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Mark Sanford on Tax Reform

Republican SC Governor; previously Representative (SC-1)

 


Voted YES on eliminating the "marriage penalty".

Vote on a bill that would reduce taxes for married couple by approximately $195 billion over 10 years by removing provisions that make taxes for married couples higher than those for two single people. The bill is identical to HR 6 that was passed by the House in February, 2000.
Reference: Bill sponsored by Archer, R-TX; Bill HR 4810 ; vote number 2000-392 on Jul 12, 2000

Voted YES on $46 billion in tax cuts for small business.

Provide an estimated $46 billion in tax cuts over five years. Raise the minimum wage by $1 an hour over two years. Reduce estate and gift taxes, grant a full deduction on health insurance for self-employed individuals, increase the deductible percentage of business meal expenses to 60 percent in 2002, and designate 15 renewal communities in urban rural areas.
Reference: Bill sponsored by Lazio, R-NY; Bill HR 3081 ; vote number 2000-41 on Mar 9, 2000

Replace income tax & estate tax with 23% sales tax.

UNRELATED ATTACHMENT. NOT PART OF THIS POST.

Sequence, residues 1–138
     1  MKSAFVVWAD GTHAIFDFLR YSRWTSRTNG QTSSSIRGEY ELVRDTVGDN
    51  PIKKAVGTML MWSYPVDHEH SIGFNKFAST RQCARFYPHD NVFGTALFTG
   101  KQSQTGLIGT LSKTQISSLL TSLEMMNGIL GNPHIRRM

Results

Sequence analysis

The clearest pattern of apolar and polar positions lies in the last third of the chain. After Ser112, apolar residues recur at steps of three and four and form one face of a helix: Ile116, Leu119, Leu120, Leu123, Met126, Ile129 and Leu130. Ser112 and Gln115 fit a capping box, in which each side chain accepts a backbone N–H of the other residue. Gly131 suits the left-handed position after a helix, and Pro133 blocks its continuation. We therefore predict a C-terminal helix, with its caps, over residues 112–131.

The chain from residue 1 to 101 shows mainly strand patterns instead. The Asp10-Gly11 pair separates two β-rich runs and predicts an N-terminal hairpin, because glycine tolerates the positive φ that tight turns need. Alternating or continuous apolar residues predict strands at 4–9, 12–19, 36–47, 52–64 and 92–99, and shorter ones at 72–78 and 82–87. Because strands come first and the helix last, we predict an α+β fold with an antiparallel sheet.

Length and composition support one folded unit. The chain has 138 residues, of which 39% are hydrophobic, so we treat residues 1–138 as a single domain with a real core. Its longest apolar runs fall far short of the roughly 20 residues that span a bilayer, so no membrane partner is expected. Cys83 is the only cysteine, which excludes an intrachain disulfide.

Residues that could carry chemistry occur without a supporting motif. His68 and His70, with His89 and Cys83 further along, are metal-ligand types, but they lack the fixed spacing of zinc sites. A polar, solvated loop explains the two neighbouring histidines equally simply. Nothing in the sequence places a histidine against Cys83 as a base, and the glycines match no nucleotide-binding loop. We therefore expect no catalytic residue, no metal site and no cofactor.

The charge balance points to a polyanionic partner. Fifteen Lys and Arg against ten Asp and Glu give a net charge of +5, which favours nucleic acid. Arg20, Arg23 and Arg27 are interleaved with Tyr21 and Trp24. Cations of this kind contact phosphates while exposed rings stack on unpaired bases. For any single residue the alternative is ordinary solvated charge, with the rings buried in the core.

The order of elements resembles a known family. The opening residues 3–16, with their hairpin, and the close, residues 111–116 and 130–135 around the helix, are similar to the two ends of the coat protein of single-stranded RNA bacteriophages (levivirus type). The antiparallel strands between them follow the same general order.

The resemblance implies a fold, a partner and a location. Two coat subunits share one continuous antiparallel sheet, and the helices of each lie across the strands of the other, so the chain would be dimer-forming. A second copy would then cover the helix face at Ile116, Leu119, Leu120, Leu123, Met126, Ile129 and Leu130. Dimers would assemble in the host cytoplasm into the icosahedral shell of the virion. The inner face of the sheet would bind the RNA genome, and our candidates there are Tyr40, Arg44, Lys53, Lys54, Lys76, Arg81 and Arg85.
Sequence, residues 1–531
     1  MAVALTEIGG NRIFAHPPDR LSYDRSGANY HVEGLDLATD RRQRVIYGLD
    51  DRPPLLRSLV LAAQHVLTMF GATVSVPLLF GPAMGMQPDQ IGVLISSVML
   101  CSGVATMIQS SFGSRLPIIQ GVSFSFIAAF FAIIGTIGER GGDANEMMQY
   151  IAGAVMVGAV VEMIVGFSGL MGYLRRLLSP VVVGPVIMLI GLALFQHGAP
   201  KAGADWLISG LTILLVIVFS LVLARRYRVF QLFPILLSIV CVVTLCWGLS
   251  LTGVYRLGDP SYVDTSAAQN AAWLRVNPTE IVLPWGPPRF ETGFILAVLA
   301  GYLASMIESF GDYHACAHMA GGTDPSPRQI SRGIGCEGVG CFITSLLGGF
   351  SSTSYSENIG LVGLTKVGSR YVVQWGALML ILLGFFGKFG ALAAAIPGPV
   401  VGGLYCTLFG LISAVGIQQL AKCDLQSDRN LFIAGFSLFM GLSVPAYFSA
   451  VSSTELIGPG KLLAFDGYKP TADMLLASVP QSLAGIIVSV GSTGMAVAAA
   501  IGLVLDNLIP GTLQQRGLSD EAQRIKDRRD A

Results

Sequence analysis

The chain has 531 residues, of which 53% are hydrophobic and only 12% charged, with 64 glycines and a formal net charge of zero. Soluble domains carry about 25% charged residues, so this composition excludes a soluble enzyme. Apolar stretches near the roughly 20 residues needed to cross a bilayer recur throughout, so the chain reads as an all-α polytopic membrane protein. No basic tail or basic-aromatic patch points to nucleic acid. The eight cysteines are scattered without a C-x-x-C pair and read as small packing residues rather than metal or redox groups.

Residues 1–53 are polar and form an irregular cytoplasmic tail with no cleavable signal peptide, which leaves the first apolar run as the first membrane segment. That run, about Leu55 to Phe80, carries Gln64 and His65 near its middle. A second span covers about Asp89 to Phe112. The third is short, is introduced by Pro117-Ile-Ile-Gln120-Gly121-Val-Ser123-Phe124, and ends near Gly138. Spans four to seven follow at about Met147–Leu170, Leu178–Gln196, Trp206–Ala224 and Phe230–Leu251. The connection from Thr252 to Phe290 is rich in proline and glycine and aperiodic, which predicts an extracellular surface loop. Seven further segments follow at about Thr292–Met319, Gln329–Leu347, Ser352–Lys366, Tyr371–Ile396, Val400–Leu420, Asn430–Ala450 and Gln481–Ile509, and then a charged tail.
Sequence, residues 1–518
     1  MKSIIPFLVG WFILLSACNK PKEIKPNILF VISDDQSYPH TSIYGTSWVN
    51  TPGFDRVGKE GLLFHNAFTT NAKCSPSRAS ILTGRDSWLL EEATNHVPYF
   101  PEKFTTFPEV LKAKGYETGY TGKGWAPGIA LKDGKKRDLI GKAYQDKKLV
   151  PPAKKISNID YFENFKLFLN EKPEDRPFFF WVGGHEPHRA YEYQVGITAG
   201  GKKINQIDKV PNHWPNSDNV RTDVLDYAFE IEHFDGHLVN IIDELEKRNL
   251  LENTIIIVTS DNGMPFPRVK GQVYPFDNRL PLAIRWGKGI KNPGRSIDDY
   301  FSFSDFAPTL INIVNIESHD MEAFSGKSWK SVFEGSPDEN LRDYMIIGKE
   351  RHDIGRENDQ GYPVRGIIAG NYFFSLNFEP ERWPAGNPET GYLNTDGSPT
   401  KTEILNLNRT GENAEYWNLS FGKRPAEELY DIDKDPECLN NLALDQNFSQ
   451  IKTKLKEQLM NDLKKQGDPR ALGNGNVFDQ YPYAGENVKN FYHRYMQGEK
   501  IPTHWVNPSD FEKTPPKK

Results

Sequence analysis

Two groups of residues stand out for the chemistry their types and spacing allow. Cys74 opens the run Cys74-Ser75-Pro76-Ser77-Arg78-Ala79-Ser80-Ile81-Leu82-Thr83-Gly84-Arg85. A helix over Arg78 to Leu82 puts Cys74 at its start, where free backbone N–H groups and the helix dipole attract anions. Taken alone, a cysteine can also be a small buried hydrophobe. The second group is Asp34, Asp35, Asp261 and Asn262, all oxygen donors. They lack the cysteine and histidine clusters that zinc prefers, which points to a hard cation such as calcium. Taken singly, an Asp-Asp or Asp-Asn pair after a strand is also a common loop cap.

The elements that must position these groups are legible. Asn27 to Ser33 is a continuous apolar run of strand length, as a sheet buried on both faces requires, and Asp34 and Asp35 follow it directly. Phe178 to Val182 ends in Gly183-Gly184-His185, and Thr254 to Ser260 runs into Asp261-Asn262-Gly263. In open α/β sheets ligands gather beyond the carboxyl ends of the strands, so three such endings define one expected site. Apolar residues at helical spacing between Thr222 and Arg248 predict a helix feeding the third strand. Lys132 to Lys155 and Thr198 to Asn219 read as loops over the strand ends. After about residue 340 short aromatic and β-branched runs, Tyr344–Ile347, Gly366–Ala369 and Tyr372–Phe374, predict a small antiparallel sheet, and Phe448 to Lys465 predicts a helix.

Sanford co-sponsored Fair Tax Act of 2011

    Congress finds the Federal income tax--
  1. retards economic growth and has reduced the standard of living
  2. impedes the international competitiveness of US industry
  3. reduces savings and investment by taxing income multiple times
  4. slows the capital formation necessary for real wages to steadily increase
  5. lowers productivity
  6. imposes unacceptable and unnecessary administrative and compliance costs
  7. is unfair and inequitable
  8. unnecessarily intrudes upon the privacy and civil rights of US citizens
  9. impedes upward social mobility.
    Findings Relating to National Sales Tax- Congress finds further that a broad-based national sales tax on goods and services purchased for final consumption--
  1. is similar in many respects to the sales and use taxes in place in 45 of the 50 States
  2. will promote savings and investment
  3. will promote fairness
  4. will promote economic growth